Other dimensions

Rashaun Mitchell and Silas Riener in conversation on the choreography of Merce Cunningham

by Anne-Katrin Titze

Rashaun Mitchell and Silas Riener (costumes by George Venson/Voutsa) at their Arranged for Today Cunningham: Moving From Then To Now Judson Memorial Church tech rehearsal
Rashaun Mitchell and Silas Riener (costumes by George Venson/Voutsa) at their Arranged for Today Cunningham: Moving From Then To Now Judson Memorial Church tech rehearsal Photo: Anne-Katrin Titze

At the Cunningham: Moving From Then To Now tech rehearsal at the Judson Memorial Church on Washington Square South, Associate Minister Micah Bucey arranged an introduction for Ed Bahlman and myself with Movement Research Artistic Director Barbara Bryan, who was co-presenting the free event with Judson Arts. Barbara in turn brought over the choreography team of Rashaun Mitchell and Silas Riener, who were presenting their latest dance, titled Arranged for Today, created and performed by Stanley Gambucci, Eleanor Hullihan, Mitchell, and Riener.

Cunningham: Moving From Then To Now tech rehearsal
Cunningham: Moving From Then To Now tech rehearsal Photo: Anne-Katrin Titze

Mitchell and Riener (along with Ashley Chen, Brandon Collwes, Dylan Crossman, Julie Cunningham, Jennifer Goggans, Lindsey Jones, Cori Kresge, Daniel Madoff, Marcie Munnerlyn, Glen Rumse, Jamie Scott, and Melissa Toogood) are featured in Alla Kovgan’s enticing Cunningham. Wim Wenders, who loved Kovgan’s film and worked in 3D himself with Joséphine Derobe on his Pina Bausch documentary, Pina, wrote to me that “finally, somebody took that language and ran with it!”

Anne-Katrin Titze: Congratulations! You are both fantastic in Cunningham! How is it seeing yourself in 3D?

Silas Riener: I mean, it's awful! Every possible imperfection that you see in the real world is preserved in this amazing … No, I'm being a little bit funny about it.

AKT: It's understandable if the first look goes to "Oh, no" territory.

SR: The first time I see it, of course, I just see all the things I wish were better about myself. But actually I think that the world that the film creates is so expansive and it really puts people in these places, that what you start to see is a sense of space.

Silas Riener on Alla Kovgan’s Cunningham: “She added her own perspective on how that translates into the language of cinema, as she calls it.”
Silas Riener on Alla Kovgan’s Cunningham: “She added her own perspective on how that translates into the language of cinema, as she calls it.”

AKT: Which spaces were you located in?

SR: Let's see, there's like a plaza scene that I'm thinking of.

AKT: In Germany?

SR: Yes, all in Germany. There's one scene we did on a soundstage with a mirrored floor, which kind of has this quality of putting you in outer space a little bit.

AKT: What about you?

Rashaun Mitchell: My experience of seeing myself in 3D?

AKT: Yes.

RM: What's interesting is that we actually made a 3D film a year before this film, so we are very familiar with how 3D works and the tricks of the trade. So I felt like I wasn't a novice viewer, which was nice. But, you know, there's just an incredible amount of responsibility in performing this kind of work.

AKT: The Cunningham legacy.

Cunningham poster - Film at Lincoln Center
Cunningham poster - Film at Lincoln Center Photo: Anne-Katrin Titze

RM: The legacy and all of the different iterations of the different people who've done it throughout time. And to now have it captured in such a way that hopefully will reach a lot of people is exciting, it's nerve-wracking, it's ambitious. But we had a great time doing it.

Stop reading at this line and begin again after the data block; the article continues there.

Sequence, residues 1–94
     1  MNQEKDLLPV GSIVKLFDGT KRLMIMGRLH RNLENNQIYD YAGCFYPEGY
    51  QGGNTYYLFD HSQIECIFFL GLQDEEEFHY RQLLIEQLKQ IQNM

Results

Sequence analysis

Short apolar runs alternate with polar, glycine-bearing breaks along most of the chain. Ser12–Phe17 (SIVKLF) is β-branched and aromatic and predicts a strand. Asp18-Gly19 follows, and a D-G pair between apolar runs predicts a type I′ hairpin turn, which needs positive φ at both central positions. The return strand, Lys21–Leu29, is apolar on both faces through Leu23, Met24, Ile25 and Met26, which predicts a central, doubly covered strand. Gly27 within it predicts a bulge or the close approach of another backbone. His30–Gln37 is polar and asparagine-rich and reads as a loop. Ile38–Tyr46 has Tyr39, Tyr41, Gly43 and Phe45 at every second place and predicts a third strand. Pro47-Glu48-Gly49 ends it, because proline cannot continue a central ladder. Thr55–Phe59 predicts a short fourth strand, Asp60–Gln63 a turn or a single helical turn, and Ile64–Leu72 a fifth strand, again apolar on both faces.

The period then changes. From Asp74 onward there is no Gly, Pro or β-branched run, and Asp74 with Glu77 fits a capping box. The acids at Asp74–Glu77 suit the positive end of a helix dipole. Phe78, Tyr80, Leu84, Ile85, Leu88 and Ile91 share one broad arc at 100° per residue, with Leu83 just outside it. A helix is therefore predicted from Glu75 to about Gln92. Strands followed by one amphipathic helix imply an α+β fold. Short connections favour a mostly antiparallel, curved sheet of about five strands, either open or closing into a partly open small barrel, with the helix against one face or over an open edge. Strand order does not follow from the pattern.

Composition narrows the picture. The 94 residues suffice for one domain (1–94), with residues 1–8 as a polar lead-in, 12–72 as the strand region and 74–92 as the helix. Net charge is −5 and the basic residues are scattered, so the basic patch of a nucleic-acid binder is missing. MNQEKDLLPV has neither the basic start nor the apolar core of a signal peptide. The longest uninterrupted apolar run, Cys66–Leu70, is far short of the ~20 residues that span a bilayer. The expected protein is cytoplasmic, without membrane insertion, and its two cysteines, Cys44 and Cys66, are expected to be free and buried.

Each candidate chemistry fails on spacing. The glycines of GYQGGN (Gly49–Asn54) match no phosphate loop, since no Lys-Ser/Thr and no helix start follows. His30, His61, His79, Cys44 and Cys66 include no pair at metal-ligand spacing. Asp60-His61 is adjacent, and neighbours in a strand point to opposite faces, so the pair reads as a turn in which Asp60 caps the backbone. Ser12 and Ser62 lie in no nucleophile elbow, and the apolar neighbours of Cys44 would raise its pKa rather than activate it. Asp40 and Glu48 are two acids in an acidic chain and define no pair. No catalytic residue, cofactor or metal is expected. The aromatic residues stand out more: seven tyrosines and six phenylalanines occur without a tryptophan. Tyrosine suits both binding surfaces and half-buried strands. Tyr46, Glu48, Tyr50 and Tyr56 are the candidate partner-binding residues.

AKT: Do you think the combination of 3D and Cunningham is perfect?

RM: Cunningham doesn't need 3D, he already is in 3D. In a lot of ways his choreography very much registers as moving into other dimensions. And it's very full and complex. I don't think it needs 3D, but I like to think of a film as its own. Alla [Kovgan] talks about it, too, this cinematic language she was trying to arrive at in the film. It's easier for me to think of it that way. Because otherwise I just think, this isn't how the dance was. You know, the way things got arranged is different than how we know it to be. So I had to suspend my own understanding of what the choreography was.

AKT: Cinema enters into the picture of dance.

RM: Exactly.

AKT: I did an interview feature with Alla and sent it to Wim Wenders and his response was something like, finally somebody goes for it with 3D.

SR: Merce's work, you know, there's so much specificity with space and the way that he's arranging his choreography that thinks a lot about space. So to translate that into 3D for me is like a no-brainer. But what Alla has done is she added her own perspective on how that translates into the language of cinema, as she calls it.

AKT (to Rashaun): Which are the segments you are in?

Cunningham screens at the Elinor Bunin Munroe Film Center
Cunningham screens at the Elinor Bunin Munroe Film Center Photo: Anne-Katrin Titze

RM: I was in a piece called Crises, which took place in an old ballroom. There was a lot of latticed architecture. And Antic Meet, which was the one with the chair on the back.

AKT: Which is great.

RM: Use of props in that one, so humour in that. And also the one on the soundstage.

SR&RM: RainForest and Second Hand.

SR: And I was also in Antic Meet and Changeling, the one in the courtyard.

Ed Bahlman: Which was the one on top of Westbeth?

SR: Winterbranch is on a rooftop. But that's in Germany, actually.

RW: And there is one on the rooftop at Westbeth but we weren't in that.

Read what Alla Kovgan had to say on Merce Cunningham, Robert Rauschenberg, Rei Kawakubo, John Cage, Carolyn Brown, Hauschka, and the 3D for Cunningham.

  • Cunningham is currently streaming on Curzon Home Cinema in the UK
  • Read parts one and two of our conversation with Alla Kovgan

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